Fantagraphics's third volume collecting Segar's original Popeye (Thimble Theatre) covers 1932-1934 includes the never-republished extra-large strips set at the Chicago World's Fair and an insightful scholarly essay.The third volume (of six) of the acclaimed hit series collecting the entirety of E.C. Segar's original Popeye (a.k.a. Thimble Theatre) comic strips features work from 1932 to 1934. In addition to the daily and Sunday strips, this volume will present a true collector’s item: Segar’s never-reprinted two-week “World’s Fair” continuity. In 1933, in addition to the normal daily and Sunday continuities, Segar produced a special, two-week sequence of extra-large strips (two to three tiers each) in which Wimpy and Popeye travel to Chicago to take in the World’s Fair. Olive Oyl is left behind on account of “she ain’t wide-minded,” but Olive has other ideas and follows Popeye to make sure he isn’t flirting with any pretty girls. This sequence has never been republished since its original publication 75 years ago.
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E.C. Segar (1894-1938), creator of Popeye, is a member of the Will Eisner Awards Hall of Fame. He was born in Chester, IL in 1894 and passed away in his longtime home of Santa Monica, CA. The National Cartoonists Society created the Elzie Segar Award in his honor, which was awarded annually to a cartoonist who has made a unique and outstanding contribution to the profession.From Booklist:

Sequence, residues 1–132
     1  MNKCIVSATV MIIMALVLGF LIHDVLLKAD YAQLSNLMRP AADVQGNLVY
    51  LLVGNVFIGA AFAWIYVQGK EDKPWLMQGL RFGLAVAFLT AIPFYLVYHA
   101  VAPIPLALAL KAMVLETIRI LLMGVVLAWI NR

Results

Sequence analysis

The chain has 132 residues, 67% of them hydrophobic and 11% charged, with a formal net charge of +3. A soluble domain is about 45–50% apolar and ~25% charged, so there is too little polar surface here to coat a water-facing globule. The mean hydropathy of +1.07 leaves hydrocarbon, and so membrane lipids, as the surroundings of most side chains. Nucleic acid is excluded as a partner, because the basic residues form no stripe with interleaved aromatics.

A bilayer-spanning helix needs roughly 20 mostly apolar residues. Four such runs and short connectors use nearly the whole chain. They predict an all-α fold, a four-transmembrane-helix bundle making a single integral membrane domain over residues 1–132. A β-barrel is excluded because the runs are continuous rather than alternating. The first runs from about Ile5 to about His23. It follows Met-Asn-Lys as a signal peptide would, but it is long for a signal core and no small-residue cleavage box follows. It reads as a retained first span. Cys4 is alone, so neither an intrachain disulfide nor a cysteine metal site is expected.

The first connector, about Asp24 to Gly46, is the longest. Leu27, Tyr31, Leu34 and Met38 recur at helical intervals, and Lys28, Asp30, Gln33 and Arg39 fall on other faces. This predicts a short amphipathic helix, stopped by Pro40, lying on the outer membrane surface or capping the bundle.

In the third oversize volume chronologically collecting the exploits of the indefatigable comic-strip sailor, black-and-white weekday installments offer lengthy, adventure-oriented continuities, such as the seafaring epic “The Eighth Sea,” featuring Popeye’s first tussle with Bluto, and “Star Reporter,” in which he joins the Fourth Estate, acquires his “infink” Swee’pea, and becomes a wandering amnesiac after a blow to the head gives him Bonkus of the Konkus. The less narrative-driven color Sundays, in which slapstick comes to the fore, are equally wonderful, especially those focused on the magnificent scoundrel J. Wellington Wimpy, one of the great creations of American humor, who “looks like a down-at-the heels Buddha,” Donald Phelps observes in the introduction, and elevates slothfulness to an art. Because he died in 1938 at only 43, Segar drew Popeye for less than a decade, but none of his successors approached his felicitous blending of vigorous cartooning and spellbinding narrative. Modern audiences who know Popeye and his supporting cast only through later animated cartoons will be surprised by the richness of his original incarnation. --Gordon Flagg
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